Updated: Jan 27
Psalm 103: 12, Isaiah 43: 25
In my blog sequence based on my book and video series, "Live Like You're Loved," I now ask you a crucial question: Is it harder to believe that God loves you, or that God forgives you?
For many, the answer is that God's forgiveness is even more difficult to comprehend than God's love. As I wrote in an earlier blog, we find His forgiveness hard to believe because we think God operates like we do. We know it is hard for us to forgive others. Since God sees all and knows all about us, we reason that it must be even harder for God to forgive us.
Yet the Bible tells us something different - that God overcomes any qualms He might have to forgive us anyway when we repent. Psalm 103: 12 proclaims an incredible truth that is repeated in similar lyrical descriptions throughout the Bible:
As far as the east is from the west, so far has He removed our transgressions from us.
Through the stories of the Hebrew people, and through eloquence of psalmists and prophets, the Old Testament shows us that God forgives and cleanses again and again, somehow removing our mistakes and our guilt to places where they can’t reach us again – as far as the east is from the west.
But this doesn’t explain WHY God forgives us. That’s an important question, answered by the core passage regarding forgiveness in Isaiah 43, verse 25:
“I, even I, am he who blots out your transgressions, for my own sake, and remembers your sins no more.”
It is curious to hear that an all-powerful God can’t remember something. Actually, this passage isn’t saying that God is forgetful. Instead, he blots out our transgressions, wipes them clean, blocks their effects. And he does not remember them, which is slightly different than forgetting them.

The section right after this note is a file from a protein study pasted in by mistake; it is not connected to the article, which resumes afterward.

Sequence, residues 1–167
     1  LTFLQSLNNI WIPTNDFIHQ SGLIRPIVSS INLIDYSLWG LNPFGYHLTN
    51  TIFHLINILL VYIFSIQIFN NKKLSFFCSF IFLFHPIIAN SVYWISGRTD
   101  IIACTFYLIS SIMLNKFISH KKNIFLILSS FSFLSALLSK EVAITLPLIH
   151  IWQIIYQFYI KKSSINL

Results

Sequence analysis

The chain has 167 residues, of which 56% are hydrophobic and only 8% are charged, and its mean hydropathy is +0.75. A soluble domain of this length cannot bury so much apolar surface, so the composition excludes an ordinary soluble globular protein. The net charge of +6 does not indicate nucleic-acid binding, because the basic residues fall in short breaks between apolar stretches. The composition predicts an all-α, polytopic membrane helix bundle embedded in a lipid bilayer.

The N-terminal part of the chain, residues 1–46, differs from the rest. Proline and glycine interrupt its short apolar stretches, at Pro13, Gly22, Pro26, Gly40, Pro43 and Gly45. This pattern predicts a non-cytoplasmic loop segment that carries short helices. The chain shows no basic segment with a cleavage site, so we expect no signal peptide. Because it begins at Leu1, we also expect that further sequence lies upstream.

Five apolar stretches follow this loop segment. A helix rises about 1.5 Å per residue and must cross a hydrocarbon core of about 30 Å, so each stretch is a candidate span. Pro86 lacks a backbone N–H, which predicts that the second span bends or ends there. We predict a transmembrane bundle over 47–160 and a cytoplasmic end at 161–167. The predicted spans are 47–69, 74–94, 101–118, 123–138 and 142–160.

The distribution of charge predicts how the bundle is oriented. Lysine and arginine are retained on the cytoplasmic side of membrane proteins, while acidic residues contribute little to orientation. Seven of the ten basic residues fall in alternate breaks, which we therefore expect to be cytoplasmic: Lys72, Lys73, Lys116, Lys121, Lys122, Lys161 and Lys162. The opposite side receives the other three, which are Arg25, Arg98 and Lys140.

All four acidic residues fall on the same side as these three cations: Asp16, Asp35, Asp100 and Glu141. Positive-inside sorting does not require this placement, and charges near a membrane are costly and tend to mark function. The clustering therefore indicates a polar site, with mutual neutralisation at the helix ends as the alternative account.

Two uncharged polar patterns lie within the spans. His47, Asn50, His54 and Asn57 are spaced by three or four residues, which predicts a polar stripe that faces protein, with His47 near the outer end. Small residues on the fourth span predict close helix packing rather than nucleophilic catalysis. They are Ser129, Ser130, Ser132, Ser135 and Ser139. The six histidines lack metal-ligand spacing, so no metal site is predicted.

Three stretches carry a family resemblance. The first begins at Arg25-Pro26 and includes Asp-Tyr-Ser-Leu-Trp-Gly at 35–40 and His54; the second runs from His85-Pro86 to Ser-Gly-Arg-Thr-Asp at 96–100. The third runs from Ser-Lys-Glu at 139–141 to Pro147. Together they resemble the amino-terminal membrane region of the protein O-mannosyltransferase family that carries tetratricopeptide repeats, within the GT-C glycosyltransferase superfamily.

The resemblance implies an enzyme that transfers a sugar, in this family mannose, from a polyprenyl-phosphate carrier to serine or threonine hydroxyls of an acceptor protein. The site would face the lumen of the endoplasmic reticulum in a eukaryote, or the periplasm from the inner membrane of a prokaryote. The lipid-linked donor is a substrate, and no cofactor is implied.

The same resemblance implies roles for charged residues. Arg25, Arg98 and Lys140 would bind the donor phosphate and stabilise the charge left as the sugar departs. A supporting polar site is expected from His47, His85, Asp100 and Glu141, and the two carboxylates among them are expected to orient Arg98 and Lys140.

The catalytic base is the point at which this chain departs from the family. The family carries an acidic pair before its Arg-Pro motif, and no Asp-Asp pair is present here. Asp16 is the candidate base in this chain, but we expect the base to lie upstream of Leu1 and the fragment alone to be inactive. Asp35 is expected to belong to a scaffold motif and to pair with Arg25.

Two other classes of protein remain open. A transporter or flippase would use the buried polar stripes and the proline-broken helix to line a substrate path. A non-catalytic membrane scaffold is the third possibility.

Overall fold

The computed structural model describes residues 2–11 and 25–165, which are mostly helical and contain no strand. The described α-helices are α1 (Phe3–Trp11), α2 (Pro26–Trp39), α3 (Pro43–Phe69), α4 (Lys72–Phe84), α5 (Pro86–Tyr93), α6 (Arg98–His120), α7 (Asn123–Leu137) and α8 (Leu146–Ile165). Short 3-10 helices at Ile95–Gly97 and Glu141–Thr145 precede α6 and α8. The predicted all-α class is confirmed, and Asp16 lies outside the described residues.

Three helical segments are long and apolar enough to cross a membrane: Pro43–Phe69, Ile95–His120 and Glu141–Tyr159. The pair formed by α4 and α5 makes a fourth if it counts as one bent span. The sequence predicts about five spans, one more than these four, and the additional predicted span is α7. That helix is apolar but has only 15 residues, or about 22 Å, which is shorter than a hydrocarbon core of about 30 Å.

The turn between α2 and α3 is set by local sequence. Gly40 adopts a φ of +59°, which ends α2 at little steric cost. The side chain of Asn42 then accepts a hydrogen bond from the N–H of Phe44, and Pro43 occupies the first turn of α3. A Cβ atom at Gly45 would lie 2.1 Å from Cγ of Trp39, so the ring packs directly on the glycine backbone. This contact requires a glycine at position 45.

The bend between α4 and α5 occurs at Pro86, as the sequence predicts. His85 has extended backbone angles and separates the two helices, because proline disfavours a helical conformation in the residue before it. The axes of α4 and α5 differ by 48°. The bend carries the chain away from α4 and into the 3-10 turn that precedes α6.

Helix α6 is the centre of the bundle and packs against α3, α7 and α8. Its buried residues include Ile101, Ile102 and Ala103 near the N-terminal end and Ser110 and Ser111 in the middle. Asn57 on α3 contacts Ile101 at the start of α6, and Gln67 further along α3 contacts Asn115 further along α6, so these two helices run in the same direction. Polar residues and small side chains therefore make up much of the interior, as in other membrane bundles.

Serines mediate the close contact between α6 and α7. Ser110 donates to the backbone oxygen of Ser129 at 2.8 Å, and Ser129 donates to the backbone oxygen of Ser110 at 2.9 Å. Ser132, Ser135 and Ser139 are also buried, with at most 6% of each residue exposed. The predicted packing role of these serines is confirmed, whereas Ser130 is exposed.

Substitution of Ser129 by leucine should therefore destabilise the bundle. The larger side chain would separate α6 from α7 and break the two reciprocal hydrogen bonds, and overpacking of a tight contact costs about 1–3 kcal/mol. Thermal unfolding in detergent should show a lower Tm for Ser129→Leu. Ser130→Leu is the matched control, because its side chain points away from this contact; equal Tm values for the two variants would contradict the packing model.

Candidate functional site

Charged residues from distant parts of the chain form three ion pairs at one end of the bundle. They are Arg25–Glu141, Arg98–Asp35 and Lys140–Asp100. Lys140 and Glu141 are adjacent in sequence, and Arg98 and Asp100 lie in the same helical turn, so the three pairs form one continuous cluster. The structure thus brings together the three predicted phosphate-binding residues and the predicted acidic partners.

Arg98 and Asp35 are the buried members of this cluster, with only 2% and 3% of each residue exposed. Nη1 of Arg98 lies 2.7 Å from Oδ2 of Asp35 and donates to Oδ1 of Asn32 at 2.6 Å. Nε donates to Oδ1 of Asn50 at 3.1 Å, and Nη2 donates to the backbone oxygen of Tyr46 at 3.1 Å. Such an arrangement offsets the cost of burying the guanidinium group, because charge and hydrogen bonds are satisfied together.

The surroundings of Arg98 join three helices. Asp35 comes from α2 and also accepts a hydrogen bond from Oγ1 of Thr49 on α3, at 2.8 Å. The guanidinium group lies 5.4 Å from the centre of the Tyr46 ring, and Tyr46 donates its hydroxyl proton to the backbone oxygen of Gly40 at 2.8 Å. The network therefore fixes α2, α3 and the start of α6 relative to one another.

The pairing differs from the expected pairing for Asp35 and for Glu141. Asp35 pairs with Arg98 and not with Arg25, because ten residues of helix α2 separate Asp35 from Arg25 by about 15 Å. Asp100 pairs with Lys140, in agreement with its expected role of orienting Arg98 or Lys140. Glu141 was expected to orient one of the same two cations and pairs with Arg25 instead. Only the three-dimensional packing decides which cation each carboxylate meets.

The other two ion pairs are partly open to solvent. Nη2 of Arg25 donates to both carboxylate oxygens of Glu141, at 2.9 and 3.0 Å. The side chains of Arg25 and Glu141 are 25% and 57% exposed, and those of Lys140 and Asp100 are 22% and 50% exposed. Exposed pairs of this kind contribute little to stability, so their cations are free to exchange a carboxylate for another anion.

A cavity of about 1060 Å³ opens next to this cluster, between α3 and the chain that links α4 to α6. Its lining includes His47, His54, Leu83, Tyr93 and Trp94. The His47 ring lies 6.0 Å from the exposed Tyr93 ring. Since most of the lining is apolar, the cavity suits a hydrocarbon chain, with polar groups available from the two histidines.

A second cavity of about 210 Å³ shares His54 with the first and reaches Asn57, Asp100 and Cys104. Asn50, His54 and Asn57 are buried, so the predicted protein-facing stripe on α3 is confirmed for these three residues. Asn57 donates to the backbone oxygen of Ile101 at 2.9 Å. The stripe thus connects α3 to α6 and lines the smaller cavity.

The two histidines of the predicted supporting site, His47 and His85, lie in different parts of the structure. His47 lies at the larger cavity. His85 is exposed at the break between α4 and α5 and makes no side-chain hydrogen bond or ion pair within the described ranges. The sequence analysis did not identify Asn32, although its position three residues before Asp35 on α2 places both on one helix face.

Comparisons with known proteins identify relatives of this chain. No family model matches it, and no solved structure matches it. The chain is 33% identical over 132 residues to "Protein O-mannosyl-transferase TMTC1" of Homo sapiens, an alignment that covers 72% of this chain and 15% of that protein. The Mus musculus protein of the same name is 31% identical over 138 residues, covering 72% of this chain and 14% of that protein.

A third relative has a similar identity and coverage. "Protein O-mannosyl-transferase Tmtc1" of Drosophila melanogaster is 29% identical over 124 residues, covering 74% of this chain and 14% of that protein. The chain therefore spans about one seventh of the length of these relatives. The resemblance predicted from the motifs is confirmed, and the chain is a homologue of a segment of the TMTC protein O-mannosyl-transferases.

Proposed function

Instead, God chooses not to “remember” them – does not call them up again – does not remind us of them – does not remember them to us. God doesn’t dwell on our past failures.
We humans like to say, “I’ll forgive, but I won’t forget.” And we delight in bringing up a past wrong at just the right time, don't we? But the Bible says God doesn’t do that. He wipes the slate clean and doesn’t keep reminding us of past sins.
God says He doesn't remember our sins "for my own sake." This means that it would go against God's character to keep remembering our sins. It would go against God's covenant promises. It would go against His desire to have an ongoing relationship with us.
Here is the most important thing to consider in this devotional: God is forgiving because of WHO HE IS, not WHO WE ARE. That’s why EVEN YOU can be forgiven by God. We wrongly imagine that forgiveness is about us. Actually, forgiveness is about God.
If you model that approach in your own life, your ability to forgive then is likewise about you, the forgiver, not the one who needs forgiveness! We can doubt that we can forgive the other person for what they have done. But if we are to be like Christ, who even forgave his murderers on the cross, then we must forgive as commanded in the Lord's Prayer. That's because enacting forgiveness is about who the forgiver is, not who the wrongdoer is.
So what do we do with this forgiveness from God? How do we believe it and embed it in our souls? How do we take the next step to forgive ourselves, and then apply that lesson to our forgiveness of others? These are the subjects of Friday's 7-Day Practical Faith blog.
If your small group is looking for content in 2023, check out "Live Like You're Loved." From my website, you can watch a trailer video, access the first video lesson for free, and see the first lesson plan. Please visit https://www.ceciltaylorministries.com/live-like-you-re-loved .